Self-Employed Legal Document Assistant
Autumn Gillette, LDA
March 2017 graduate
Program: Specialized Associate Degree – Paralegal
A Legal Document Assistant, as defined by the California Business & Professions Code (Section 6400 (c)) is: “Any person who is otherwise not exempted and who provides, or assists in providing, or offers to provide, or offers to assist in providing, for compensation, any self-help service to a member of the public who is representing himself or herself in a legal matter, or who holds himself or herself out as someone who offers that service or has that authority, or a corpora- tion, partnership, association, or other entity that employs or contracts with any person who is not otherwise exempted who, as part of his or her responsibilities, provides, or assists in providing, or offers to provide, or offers to assist in providing, for compensation, any self-help service to a member of the public who is representing himself or herself in a legal matter or holds himself or herself out as someone who offers that service or has that authority.”
Autumn graduated from the Legal Secretary program in 2010 and worked for the Brayton Purcell law firm for a number of years. She returned to Empire College in 2016 to complete her paralegal degree.
When Autumn observed a potential client who was a battered woman and could not afford the $4,500 retainer for a divorce, she decided she wanted to help people in similar circumstances and founded her own business, AGillette LDA, in 2017. Her company “brings quick, easy, and friendly Legal Document Assistance, offering affordable services to help the do-it-yourselfer with Family Law, Estate Planning, Adoptions, Business Formations, Probate, Name Changes, and other matters.”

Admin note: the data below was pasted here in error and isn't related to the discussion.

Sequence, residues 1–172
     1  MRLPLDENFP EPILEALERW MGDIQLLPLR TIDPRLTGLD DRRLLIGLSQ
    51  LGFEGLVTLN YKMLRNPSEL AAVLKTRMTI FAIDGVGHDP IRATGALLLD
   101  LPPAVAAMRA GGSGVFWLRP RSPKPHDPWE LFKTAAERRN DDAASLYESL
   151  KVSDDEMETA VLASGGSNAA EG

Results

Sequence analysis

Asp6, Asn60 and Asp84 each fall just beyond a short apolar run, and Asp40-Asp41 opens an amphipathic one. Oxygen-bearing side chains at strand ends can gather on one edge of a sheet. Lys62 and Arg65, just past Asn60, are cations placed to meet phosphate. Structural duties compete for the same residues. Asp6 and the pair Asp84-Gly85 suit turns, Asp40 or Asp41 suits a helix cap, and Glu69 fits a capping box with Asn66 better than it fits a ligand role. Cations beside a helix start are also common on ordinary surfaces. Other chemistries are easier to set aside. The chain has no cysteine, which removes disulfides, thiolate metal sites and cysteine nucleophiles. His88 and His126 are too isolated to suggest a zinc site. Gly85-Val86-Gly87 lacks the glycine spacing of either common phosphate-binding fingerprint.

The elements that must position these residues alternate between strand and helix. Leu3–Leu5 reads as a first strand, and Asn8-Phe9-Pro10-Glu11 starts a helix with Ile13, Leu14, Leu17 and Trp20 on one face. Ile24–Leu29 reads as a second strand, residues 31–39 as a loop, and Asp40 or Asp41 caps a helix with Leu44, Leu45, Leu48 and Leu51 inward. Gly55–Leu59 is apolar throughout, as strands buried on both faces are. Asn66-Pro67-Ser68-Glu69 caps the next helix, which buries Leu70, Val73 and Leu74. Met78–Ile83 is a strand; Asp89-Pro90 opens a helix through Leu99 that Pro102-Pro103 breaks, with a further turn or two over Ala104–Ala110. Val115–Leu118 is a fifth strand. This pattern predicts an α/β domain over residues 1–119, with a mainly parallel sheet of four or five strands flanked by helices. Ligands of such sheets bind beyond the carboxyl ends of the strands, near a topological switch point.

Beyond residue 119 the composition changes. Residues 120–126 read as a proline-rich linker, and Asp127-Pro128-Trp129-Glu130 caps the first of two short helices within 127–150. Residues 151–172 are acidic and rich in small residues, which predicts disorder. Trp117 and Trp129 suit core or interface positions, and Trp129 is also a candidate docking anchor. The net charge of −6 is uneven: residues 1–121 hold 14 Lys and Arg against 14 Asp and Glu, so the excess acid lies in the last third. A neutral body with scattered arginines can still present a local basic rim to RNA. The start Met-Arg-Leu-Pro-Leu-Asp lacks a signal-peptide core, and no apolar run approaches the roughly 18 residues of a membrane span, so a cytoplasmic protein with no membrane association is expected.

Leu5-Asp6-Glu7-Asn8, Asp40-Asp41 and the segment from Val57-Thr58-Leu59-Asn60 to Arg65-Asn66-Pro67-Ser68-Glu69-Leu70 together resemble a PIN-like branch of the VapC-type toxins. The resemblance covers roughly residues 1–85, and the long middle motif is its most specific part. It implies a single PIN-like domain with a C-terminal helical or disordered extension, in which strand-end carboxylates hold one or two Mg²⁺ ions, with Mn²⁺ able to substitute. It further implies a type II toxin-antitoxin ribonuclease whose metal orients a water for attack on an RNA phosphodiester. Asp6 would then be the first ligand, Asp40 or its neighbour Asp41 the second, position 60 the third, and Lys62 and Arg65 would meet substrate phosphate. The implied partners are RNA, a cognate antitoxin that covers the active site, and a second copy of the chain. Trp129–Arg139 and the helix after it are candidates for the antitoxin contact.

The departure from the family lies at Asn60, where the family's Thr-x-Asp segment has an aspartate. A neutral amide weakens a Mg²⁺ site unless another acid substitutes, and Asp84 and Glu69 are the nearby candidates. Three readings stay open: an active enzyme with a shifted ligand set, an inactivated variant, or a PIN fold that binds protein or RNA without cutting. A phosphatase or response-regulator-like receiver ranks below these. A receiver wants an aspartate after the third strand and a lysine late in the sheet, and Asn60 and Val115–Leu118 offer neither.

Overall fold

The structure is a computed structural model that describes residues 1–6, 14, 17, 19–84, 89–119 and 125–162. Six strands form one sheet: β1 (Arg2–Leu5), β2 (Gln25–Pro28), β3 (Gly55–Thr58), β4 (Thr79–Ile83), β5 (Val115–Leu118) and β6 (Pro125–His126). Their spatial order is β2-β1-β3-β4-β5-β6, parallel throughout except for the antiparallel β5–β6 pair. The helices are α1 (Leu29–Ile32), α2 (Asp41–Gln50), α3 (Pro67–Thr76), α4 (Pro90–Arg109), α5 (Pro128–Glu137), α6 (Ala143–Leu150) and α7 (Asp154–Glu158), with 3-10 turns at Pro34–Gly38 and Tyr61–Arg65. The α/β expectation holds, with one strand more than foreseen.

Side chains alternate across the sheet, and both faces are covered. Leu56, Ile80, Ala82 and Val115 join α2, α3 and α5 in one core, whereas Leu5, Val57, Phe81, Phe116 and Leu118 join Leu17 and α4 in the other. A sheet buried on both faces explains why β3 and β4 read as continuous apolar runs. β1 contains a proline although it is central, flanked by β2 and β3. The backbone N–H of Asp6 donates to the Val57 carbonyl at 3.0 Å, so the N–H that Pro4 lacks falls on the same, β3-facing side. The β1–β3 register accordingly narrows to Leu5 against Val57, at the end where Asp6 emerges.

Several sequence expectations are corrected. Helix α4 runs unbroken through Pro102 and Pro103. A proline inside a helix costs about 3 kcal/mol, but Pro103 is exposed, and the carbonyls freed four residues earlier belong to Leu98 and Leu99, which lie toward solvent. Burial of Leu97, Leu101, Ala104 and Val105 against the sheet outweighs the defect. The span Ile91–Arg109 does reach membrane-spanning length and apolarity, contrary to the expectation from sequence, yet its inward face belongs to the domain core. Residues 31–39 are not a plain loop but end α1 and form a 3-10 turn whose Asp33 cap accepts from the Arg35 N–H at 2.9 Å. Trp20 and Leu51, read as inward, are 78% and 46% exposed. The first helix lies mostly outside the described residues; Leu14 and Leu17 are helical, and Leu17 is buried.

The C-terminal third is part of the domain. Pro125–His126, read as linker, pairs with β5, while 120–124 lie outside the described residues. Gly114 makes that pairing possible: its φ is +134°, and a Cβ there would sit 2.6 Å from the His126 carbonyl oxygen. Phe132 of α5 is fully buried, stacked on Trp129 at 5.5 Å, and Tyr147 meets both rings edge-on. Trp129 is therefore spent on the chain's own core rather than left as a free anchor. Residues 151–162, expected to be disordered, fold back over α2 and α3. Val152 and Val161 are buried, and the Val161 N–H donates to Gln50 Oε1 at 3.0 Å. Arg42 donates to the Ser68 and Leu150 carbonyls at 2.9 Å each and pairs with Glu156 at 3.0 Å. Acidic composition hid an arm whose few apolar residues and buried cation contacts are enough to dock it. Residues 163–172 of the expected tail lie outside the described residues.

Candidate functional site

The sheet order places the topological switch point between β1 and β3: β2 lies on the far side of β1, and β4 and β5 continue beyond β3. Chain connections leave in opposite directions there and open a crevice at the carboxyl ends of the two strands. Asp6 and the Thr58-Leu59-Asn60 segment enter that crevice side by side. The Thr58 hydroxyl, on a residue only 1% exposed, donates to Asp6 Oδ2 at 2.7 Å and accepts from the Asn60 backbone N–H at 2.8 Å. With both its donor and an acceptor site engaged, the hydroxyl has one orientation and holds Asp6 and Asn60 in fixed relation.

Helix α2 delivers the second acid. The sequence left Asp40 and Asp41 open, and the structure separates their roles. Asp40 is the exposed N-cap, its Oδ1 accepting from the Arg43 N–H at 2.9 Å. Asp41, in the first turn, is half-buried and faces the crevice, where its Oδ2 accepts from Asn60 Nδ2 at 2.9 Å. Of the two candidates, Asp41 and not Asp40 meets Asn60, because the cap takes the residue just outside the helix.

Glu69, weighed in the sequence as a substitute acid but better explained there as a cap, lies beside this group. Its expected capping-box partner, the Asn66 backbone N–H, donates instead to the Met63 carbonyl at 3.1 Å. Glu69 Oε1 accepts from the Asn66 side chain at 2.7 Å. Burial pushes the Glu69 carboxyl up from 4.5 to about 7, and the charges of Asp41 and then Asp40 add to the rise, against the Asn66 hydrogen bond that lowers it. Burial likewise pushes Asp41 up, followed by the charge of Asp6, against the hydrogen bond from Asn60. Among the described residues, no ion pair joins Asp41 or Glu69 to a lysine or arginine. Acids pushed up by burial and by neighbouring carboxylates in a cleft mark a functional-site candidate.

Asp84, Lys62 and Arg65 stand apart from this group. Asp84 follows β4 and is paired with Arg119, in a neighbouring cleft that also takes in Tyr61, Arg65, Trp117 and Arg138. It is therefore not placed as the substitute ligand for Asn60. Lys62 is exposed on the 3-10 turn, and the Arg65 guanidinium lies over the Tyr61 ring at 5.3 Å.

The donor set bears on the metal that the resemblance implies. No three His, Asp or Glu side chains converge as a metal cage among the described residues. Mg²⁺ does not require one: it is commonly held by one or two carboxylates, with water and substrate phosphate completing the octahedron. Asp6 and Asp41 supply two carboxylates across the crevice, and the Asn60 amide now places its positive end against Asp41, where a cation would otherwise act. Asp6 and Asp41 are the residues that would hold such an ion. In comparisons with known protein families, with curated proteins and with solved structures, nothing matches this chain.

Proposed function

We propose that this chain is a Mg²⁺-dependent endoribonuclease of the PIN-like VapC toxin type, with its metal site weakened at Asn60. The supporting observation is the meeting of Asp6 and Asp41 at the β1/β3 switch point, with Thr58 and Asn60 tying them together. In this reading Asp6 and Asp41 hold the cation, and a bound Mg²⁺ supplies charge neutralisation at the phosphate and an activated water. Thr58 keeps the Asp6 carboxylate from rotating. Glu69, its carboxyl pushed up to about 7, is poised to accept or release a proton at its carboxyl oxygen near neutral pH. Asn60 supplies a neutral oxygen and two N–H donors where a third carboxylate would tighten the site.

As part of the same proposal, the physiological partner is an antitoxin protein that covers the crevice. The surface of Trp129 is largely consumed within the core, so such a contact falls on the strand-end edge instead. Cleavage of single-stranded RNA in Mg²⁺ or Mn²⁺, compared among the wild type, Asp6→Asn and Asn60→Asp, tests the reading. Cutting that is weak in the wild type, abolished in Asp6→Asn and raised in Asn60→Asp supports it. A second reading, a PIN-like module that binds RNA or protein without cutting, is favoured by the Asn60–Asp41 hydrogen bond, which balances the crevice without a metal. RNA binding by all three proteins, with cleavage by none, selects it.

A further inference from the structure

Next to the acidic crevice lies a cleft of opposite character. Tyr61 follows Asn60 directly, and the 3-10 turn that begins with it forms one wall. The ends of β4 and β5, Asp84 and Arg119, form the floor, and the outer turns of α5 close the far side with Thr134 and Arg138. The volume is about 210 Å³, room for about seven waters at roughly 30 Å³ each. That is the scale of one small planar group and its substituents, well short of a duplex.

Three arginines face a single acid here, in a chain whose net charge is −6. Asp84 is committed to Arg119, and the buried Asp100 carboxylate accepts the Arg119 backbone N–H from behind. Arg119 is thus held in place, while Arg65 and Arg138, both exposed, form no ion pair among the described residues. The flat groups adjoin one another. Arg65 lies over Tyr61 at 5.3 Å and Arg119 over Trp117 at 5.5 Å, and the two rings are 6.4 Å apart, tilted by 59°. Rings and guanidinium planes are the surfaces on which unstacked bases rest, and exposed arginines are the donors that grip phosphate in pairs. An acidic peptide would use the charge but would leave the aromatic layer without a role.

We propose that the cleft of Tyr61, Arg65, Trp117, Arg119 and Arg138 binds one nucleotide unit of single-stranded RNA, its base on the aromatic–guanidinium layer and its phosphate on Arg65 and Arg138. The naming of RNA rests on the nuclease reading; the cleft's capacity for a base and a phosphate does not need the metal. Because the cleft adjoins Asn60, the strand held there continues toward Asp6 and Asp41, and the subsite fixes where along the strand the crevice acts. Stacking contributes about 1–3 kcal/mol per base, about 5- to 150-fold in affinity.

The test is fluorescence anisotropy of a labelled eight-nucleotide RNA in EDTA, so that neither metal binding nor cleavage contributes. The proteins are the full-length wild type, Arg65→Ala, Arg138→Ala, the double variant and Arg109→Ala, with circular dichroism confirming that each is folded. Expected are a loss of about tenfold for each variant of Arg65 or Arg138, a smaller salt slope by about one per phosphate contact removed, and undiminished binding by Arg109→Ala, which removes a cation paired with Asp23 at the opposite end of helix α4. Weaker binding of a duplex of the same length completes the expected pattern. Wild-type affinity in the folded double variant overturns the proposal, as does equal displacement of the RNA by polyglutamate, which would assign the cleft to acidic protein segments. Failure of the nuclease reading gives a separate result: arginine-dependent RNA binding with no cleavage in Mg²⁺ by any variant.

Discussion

Autumn shared that it was a bit terrifying to launch her own business as a single mother of two young boys and knowing that the success of the business, including the backside such as bookkeeping and marketing, was up to her. However, she has found it to be unbelievably rewarding. “I am from this town. I talk with potential clients, and people tend to like me,” says Autumn. “I listen to them and am empathetic to their story.”
The basic requirements to become a Legal Document Assistant are to have a paralegal certificate as defined by the paralegal education requirements of California Business and Professions Code §6450, be bonded, and possess a business license if the business is located within city limits. Like all LDAs, Autumn is extremely careful to frequently reiterate to her clients that she is not an attorney, cannot give legal advice, and cannot select legal forms for them. She does draft the forms once the client completes a questionnaire and files the completed documents with the court. If she feels she cannot help a client, Autumn will advise them to hire an attorney.
Autumn’s advice for someone considering a career as an LDA is to work for an attorney as a paralegal first (Autumn worked for seven years in law offices before opening her business). She loves that she gets to help people and set her own hours, which melds nicely with family commitments.
“About two weeks ago I found out that my father has Alzheimer’s disease, and it is going to be hard in this journey and I get to be with my dad. That is unbelievably rewarding not just on the fact that I get to help my clients, but I get to help my clients and help my family. And to me that’s the best part of my job.”